An assessment of community understanding of the Human Animal Conservancy Self-Insurance Scheme and the impact of human-wildlife conflicts : a case study from the Kwandu conservancy, north-east Namibia.
The research problem of this mini-dissertation involves the conflicts between human and wildlife populations and the trialing of ‘compensation’ payouts that are emerging as a critical test within the conservancy. Crop raiders such as elephants, buffaloes, hippopotamus, bush pigs and small rodents, diminish farmers’ resource bases and cash crops, while carnivores are responsible for livestock losses. The aim of the research is to assess the level of community understanding of the compensation scheme and the impact of human wildlife interaction within the conservancy. This mini-dissertation investigated the level of community understanding about the Human Animal Conservancy Self-Insurance Scheme (HACSIS), and the impact of human-wildlife conflicts within the Kwandu Conservancy. Some of the research data were obtained from the conservancy game guards’ event book system, and the actual field research data were collected from the 1st August to 20th August 2006. The researcher conducted a total of 35 interviews, whereby 32 involved face-to-face interviews with single individuals, and 3 separate focus group discussions that consisted of four, five and two conservancy members. The interviews averaged 30 minutes in length. Each interview was preceded by a careful explanation of the purposes of the work, stressing that the intent was to evaluate their understanding and perceptions on HACSIS, the impact of human-wildlife conflicts and to explore better management strategies. The researcher has taken into account that the communities might exaggerate the wildlife problem based on his previous experience with the adjacent conservancy, in the hopes of gaining more compensation – they also use the researcher as a way to vent their frustration at the problem. On the assumption that there may be an element of exaggeration verification of these was obtained from the Event Book System (a manual book used by the Community Game Guards for recording both crops and livestock incidents on daily basis). This mini-dissertation reveals that 74.3 % (n = 26) of respondents are aware of the existence of the HACSIS program and its role, while 17.1 % of respondents had no idea about the scheme’s presence and its involvement to minimize the impact felt by communities when they lose livestock to predators. The percentage of respondents who claimed that they had heard of the scheme’s existence but had no knowledge of its role was 8.6 %. In addition, most respondents (n = 15) claimed that the conservancy committee did not explain to them why their claim forms were rejected. In contrast, some respondents (n = 6) did received feedback on rejected claim forms. HACSIS was not formed to compensate livestock losses based on market value, nor was it intended as a ‘compensation’ scheme. Its aim was to test a conservancy-run process – local verification of claims and monitoring by conservancy committee and traditional authority. In addition, the authorization of payments for a type of ‘self-insurance’ is drawn from conservancy income to partially offset the losses of conservancy members versus the overall gains that wildlife brings to the conservancy (direct conservancy income and local jobs through tourism, trophy hunting, own use game harvesting). Conservancy committees and the support NGO, IRDNC, agreed on the amount to be refunded for animal losses before the scheme was started, initially using donor funding in the trial phases. The amount was deliberately kept low as it was acknowledged from the start that conservancies themselves would take over the repayments from their own income. Once the conservancy was used to its own income to finance the scheme, conservancy members could vote to increase amounts paid for predator losses. The crucial aspect, according to IRDNC, was that the process itself be tested and that the scheme be run by the conservancy, with Ministry of Environment and Tourism and IRDNC merely monitoring and providing assistance as needed. Compensation is based on this pre-determined amount that is less than the livestock value. However, the research reveals that respondents (n = 19) were dissatisfied with the amount paid (N$ 800-00 per ox killed), because they claim that the amount paid to relieve the immediate impact from wildlife is too little to sustain the affected member. In contrast, some respondents (n = 8) were satisfied with the amount paid as compensation. Despite criticisms about the amount paid for livestock losses, none of the respondents (n = 22) who were familiar with the scheme wanted it to be abolished. The respondents emphasized the need for the conservancy committee to review the amount paid as compensation, especially for cattle. They suggested an increase from the current N$ 800-00 to N$ 1000-00 per ox loss. The research reveals that community livestock management practices have not changed to deliberately benefit from the compensation. In fact community management strategies have improved because of the condition set by the review committee dealing with the compensation scheme. Wildlife incidents have increased because animals are habituated to techniques used by communities to deter them and this has contributed to high livestock incidents. For human-wildlife conflicts, the research acknowledges that the conflict exists. Between 2003-2005, the Kwandu Conservancy reported 1508 incidents of damage to crops by wildlife. Species that were responsible included elephants with 30.2 % damage, bush pigs (29.8 %), hippopotamus (12.7%), antelopes (12.7 %), porcupine (7.5 %), and baboons/monkeys (7.2 %). Most of the crops destroyed by crop raiders, as suggested by the respondents, were maize (30 %), sorghum (26 %), millet (17 %), groundnuts (14 %), pumpkins (8 %) and beans (5%). During the same period of crop losses, the conservancy reported 98 livestock incidents. Animals responsible for livestock incidents were crocodile with 32 incidents (32.7 %), then hyena (23 incidents, 23.5 %), leopard (22 incidents, 22.4 %) and lion (21 incidents, 21.4%). The role of community game guards was found to be extensive. From a total 35 responses, 74.3 % (n = 26) of members stated that community game guards effectively record incidents, chased problem-causing animals from the community crop fields by shouting or shooting in the air, and assessed or verified killed livestock for compensation purposes. In addition, community game guards conduct crop assessment for record-keeping purposes. The scheme for crop compensation is to be introduced in 2007. Currently there is no proper formula to use in assessing the value of crops and the method to use to compensate the affected members. Other methods used by communities to deter wildlife include sleeping in the field to guard crops, cracking a whip, construction of human statues, hanging tins on the fence, chilli coils, watchtowers and digging trenches. Respondents had different views on the best management practices for problem-causing animals. The response was generally based on the degree of threat that the animal posed. Most (43.8 %, n = 14) preferred the monitoring of problem-causing animals that are sighted in an area as a best practice, while 40.6 % (n = 13) of respondents preferred the animal to be captured and relocated to parks. Only 25.6 % (n = 5) of respondents preferred that the animal be destroyed. The management practices preferred by respondents when an animal kills a person are different from when an animal is simply sighted in the area. If an animal kills a person, only 12.5 % (n = 4) of respondents preferred that the animal be captured and relocated to parks, while 87.5 % (n = 28) of respondents preferred the problem-causing animal to be destroyed. None of the respondents suggested monitoring as the best management option for this degree of threat. In conclusion, the research revealed that Human Animal Conservancy Self Insurance Scheme does not treat the cause of the problem but the symptom. This approach does not decrease the level of the problem given that the cause of the problem is not addressed. Therefore, the researcher stressed the need to fully explore and implement the recent piloted lion, crocodile fencing, and elephant proof fencing and elephants chilli coil to address and reduce the problem within Kwandu Conservancy. In addition, the research revealed that the scheme has very lengthy delays before compensation is paid and the review panel does not arrange meetings on the stipulated dates. This causes a back-log in the number of claims that need to be reviewed and approved. On Human Wildlife Conflict the research findings recommend the need to strengthen and improve existing problem-causing animal management strategies that are in place. Innovative strategies include reducing the number of stray livestock at night and developing static fences. Communities should be advised, as is being done by IRDNC, to herd their livestock during the day and to build strong kraals. This is the most effective and cheapest way to prevent livestock from being taken by predators at night. Further more the research revealed that the combination and rotation of the methods yield high success rather than deploying a single method over a long period, for the prevention of crop losses methods include guarding the crop field, cracking a whip, shooting in the air, watchtowers, human statues and beating drums.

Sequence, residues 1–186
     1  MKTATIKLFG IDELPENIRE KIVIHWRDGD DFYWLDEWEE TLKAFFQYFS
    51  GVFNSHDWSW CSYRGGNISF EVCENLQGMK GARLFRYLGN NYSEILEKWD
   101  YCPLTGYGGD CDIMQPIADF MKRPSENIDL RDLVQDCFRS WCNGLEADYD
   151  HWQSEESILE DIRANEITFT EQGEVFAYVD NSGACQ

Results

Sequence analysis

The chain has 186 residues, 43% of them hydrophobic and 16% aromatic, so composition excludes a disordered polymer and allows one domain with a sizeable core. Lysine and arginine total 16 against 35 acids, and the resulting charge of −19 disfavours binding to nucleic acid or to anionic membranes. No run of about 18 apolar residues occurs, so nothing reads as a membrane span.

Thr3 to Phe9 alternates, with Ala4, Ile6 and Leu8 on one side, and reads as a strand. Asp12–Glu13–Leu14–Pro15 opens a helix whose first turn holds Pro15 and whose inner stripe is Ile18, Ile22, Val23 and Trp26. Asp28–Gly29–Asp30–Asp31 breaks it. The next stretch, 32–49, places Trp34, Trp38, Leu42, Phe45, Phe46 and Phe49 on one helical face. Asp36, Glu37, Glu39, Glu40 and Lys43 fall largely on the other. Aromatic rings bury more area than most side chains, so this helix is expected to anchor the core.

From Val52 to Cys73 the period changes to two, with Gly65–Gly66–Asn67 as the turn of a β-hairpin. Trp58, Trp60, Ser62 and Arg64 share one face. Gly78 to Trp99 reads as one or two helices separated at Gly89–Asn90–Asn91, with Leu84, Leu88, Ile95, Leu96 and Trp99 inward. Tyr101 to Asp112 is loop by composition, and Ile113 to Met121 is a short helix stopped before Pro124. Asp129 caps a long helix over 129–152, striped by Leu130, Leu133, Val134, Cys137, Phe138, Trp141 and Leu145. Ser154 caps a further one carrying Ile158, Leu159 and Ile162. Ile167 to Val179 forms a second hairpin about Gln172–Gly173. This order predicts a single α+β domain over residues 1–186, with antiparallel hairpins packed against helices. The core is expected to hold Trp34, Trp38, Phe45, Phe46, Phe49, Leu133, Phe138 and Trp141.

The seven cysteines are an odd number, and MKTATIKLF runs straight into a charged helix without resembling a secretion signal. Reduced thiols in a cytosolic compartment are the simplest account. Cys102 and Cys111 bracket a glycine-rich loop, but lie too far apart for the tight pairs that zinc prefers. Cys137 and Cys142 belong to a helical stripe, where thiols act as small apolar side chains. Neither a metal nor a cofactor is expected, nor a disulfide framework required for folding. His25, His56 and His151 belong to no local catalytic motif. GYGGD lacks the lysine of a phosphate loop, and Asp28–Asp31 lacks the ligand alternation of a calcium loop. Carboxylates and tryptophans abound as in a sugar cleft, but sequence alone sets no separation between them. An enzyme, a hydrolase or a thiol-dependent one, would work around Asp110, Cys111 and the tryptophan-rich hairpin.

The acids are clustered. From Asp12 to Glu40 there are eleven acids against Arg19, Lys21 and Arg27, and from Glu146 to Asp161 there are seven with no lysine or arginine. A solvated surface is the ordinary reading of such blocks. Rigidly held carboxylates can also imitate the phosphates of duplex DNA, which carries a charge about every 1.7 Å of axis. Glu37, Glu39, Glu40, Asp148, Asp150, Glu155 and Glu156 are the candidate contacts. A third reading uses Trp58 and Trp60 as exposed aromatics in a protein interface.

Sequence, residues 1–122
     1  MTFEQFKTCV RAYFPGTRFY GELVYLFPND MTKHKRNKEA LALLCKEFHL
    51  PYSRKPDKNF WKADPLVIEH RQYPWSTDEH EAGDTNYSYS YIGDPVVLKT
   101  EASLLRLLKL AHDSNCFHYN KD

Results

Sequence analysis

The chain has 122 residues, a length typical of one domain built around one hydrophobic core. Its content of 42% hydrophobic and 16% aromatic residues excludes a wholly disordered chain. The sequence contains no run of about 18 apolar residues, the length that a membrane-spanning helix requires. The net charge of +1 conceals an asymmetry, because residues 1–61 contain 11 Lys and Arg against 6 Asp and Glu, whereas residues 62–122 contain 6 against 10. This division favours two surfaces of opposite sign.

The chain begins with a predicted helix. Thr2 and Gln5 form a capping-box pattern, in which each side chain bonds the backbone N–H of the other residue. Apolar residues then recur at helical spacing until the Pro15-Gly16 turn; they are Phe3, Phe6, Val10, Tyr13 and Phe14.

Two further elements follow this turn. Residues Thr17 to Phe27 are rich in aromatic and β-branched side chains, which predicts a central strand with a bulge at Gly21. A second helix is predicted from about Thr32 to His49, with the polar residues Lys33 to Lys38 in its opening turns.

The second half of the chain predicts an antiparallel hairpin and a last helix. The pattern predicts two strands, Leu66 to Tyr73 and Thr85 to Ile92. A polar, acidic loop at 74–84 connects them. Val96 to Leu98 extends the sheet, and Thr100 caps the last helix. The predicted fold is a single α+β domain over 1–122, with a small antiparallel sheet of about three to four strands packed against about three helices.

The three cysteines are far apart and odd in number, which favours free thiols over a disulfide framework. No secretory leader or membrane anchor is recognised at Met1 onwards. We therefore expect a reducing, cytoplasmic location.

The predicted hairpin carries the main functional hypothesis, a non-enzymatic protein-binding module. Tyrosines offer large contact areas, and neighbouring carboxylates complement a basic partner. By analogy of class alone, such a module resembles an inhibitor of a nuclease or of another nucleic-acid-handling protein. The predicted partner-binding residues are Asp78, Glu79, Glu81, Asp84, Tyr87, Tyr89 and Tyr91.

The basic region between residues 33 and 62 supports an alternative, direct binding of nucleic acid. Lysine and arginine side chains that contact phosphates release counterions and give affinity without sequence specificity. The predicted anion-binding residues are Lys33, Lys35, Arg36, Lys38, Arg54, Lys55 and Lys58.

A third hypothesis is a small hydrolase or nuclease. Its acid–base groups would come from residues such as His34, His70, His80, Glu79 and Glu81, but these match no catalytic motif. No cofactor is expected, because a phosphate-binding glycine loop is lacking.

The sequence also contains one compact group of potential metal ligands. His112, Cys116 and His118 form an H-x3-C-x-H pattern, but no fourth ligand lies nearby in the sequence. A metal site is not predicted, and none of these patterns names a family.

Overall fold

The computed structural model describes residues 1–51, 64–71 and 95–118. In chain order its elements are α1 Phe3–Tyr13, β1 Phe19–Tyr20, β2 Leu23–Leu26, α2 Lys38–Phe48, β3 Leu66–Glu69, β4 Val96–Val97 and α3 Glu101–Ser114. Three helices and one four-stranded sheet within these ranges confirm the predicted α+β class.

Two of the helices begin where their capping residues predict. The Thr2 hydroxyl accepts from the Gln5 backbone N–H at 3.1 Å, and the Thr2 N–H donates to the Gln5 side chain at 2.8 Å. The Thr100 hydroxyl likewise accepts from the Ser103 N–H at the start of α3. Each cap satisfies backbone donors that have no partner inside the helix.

Mason N McLary
|Publisher||University of KwaZulu-Natal|
|Location of Publication||Durban, South Africa|